The statement said Adel had experienced a health emergency and the situation was fluid. The statement asked for the community’s thoughts and prayers.
Adel is up for reelection in tonight’s races.
— Katherine Davis-Young
10:42 p.m. — Early Results Favor Democrats
Early returns from Arizona’s election favored Democrats statewide, leaving local Republicans to face the prospect of Arizona becoming a blue state for the first time in 24 years.
Local Republican voter Jermond Ransom said Arizona’s rapid growth and influx of transplants fundamentally changed the state’s dynamic.
“It’s sad, and it looks like they are going to lose Martha McSally. One thing I can say is that Arizona is no longer Arizona. The majority of people in Arizona right now are not from Arizona. Almost everybody out here is from California, Chicago, Minnesota, a lot of traditionally blue states. Arizona is not what it was three or four years ago."
Initial early returns from Arizona show former Vice President Joe Biden ahead of President Trump by about 9 points.
— Scott Bourque
10:36 p.m. — Greg Stanton Reelected To Congress
Arizona Congressman Greg Stanton easily won reelection in Arizona’s 9th District, which runs through north-central Phoenix, Tempe and Chandler. He defeated Republican challenger, Dave Giles, who supports President Donald Trump and the president’s handling of the coronavirus pandemic, which Stanton says is lacking.
"I don’t support Donald Trump," Stanton said. "I don’t think he’s the right president. I don’t think he’s going to win this election. But if he does, I will try to find common ground and work with him where I can."
Stanton says record voter turnout is even more remarkable considering that it took place during the coronavirus pandemic. Before entering Congress, Stanton served as Phoenix mayor. During his tenure, Stanton pushed to extend transportation funding and expand light rail in the city.
— Heather van Blokland
10:16 p.m. — Kelli Ward Urges Supporters To Keep The Faith
Arizona Republican Party Chairwoman Kelli Ward spoke to the crowd at the state’s GOP election night watch party in Chandler.
While early returns in Arizona heavily favored Democrats, Ward urged supporters to keep the faith and wait for all the votes to be counted.
"Enthusiasm for President Trump is beyond the pale, and also enthusiasm for Republicans and our policies. I was out at the polls today, how many of you were out at the polls today?" said Ward. "Yes. And did you see the Republicans lined up waiting, not getting out. I’m sure there are still Republicans waiting in line right now," Ward said.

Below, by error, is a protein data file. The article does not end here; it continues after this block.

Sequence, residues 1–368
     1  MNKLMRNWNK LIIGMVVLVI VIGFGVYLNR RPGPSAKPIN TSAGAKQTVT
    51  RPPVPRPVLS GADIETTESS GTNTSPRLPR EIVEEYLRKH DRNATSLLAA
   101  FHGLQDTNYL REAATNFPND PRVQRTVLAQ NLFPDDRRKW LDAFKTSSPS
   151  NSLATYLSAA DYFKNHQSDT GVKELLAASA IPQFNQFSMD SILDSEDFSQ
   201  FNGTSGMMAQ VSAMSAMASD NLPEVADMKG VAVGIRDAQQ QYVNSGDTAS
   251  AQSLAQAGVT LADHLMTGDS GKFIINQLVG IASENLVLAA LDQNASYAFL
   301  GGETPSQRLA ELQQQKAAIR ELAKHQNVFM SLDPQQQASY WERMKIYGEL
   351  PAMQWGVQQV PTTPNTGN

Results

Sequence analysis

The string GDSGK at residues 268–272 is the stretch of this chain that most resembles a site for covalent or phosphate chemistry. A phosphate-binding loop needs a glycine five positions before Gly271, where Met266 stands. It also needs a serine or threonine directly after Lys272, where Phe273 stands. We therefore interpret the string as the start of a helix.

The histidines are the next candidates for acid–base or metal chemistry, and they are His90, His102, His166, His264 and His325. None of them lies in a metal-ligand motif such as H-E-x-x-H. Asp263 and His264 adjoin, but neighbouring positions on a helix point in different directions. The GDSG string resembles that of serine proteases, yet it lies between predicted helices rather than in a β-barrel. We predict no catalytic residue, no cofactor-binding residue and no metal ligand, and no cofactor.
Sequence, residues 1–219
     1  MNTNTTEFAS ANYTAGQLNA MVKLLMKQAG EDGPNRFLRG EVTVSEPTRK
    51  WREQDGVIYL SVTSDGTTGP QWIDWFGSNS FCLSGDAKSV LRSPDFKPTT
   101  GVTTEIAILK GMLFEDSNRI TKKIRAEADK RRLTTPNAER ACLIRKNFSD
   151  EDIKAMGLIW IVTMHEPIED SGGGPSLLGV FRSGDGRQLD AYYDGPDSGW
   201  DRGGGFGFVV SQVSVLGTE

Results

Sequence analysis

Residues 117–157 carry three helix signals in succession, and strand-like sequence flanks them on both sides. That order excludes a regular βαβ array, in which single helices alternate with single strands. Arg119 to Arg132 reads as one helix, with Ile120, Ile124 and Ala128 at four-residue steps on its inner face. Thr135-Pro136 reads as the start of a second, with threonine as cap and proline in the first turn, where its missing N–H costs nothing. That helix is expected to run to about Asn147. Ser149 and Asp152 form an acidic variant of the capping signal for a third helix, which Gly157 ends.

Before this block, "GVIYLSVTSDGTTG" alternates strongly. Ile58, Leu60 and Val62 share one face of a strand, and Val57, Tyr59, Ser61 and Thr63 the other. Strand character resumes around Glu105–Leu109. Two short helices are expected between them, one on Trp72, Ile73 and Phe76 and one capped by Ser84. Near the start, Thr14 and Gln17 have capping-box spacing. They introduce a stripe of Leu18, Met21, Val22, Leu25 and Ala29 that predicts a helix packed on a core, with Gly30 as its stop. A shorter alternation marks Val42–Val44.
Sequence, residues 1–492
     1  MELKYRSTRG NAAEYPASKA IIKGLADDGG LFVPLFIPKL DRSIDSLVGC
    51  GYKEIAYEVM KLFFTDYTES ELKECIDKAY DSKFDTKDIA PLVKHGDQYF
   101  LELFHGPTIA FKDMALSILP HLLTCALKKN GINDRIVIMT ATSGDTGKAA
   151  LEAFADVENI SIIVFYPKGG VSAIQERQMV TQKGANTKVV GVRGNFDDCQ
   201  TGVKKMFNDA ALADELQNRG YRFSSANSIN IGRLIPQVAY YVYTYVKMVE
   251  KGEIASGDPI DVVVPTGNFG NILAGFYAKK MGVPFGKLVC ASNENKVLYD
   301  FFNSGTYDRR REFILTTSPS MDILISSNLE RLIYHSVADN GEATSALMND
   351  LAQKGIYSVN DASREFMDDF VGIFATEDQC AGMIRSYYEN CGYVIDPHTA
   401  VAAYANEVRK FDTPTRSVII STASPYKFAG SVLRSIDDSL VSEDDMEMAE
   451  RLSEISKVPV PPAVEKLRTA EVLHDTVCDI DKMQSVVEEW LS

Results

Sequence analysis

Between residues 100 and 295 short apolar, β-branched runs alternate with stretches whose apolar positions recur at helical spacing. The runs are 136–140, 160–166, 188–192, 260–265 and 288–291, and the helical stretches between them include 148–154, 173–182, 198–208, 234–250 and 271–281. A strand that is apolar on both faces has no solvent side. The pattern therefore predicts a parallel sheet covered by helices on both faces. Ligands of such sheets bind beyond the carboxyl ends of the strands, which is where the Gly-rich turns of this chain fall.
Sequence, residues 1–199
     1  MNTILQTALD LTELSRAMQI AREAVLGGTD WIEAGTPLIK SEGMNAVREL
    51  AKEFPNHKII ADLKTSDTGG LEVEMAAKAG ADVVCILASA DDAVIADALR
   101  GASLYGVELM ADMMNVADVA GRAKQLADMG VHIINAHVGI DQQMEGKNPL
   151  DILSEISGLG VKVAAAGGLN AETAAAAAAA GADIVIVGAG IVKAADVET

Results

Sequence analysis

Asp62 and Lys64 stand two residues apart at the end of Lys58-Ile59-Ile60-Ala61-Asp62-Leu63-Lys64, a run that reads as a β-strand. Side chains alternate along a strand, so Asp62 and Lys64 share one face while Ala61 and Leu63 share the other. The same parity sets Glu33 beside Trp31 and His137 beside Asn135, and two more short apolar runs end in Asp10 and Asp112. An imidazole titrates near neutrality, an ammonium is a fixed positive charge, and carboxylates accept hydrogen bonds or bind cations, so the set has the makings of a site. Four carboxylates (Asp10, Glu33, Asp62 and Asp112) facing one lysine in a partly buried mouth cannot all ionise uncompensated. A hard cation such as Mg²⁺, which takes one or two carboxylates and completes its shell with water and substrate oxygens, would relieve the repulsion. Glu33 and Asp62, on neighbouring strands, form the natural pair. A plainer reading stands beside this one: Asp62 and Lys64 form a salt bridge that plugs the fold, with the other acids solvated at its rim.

It might still be a few days before close elections in Arizona have final results.
— Scott Bourque
9:57 p.m. — Some Mail-In Ballots In Battleground States Never Marked As Delivered
New postal data shows over three hundred thousand mail-in ballots in battleground states — including Arizona — were never marked as delivered.
A federal judge in Washington ordered the U.S. Postal Service to sweep processing plants for any missing ballots to get them turned in by Tuesday’s deadline. The Postal Service said its Election Day operations kept it from completing an extra check by the time polls closed.
Randy Perez of the nonprofit Arizona Center for Empowerment said this amounts to voter disenfranchisement in what’s likely to be a close election.
“I worked on campaigns that were decided by 260 votes, 1,000 votes, 1,500 votes — but every single one is precious," said Perez.
The Postal Service has disputed the accuracy of the data. The service says its push for same-day local delivery of ballots meant leaving out processing steps like a final delivery scan.
— Austin Fast
9:37 p.m. — Arizona Voters Return 7 Of 9 U.S. House Members To Congress
Arizona voters returned seven U.S. House incumbents to office by wide margins on Tuesday. But the state’s other two congressional races were too early to call with not enough votes counted.
Those winning reelection include three incumbents who represent heavily Republican districts and four Democrats who also had a registration edge in their districts. Republicans Andy Biggs, Debbie Lesko and Paul Gosar won new two-year terms. Democrats winning reelection included Ann Kirkpatrick, Greg Stanton, Raul Grijalva and Ruben Gallego. The races for the 1st and 6th districts remained to early to call late Tuesday.
— Associated Press
9:33 p.m. — Early Election Results: Slight Lead In Favor Of Proposition 208
Early election results from the Arizona Secretary of State’s Office show a slight lead in favor of Proposition 208, a measure that wants to improve school funding by raising taxes on wealthy residents.
As of 9 p.m., the measure has more than 50% of the votes counted so far. This has Joe Thomas, president of the Arizona Education Association, and other backers feeling confident.
— Rocio Hernandez
9:08 p.m. — Arizona Voters Vote To Legalize Recreational Marijuana
Arizona has voted to legalize marijuana for recreational use, a decade after the state legalized medicinal cannabis.
The measure is a win for Arizona’s marijuana community and businesses.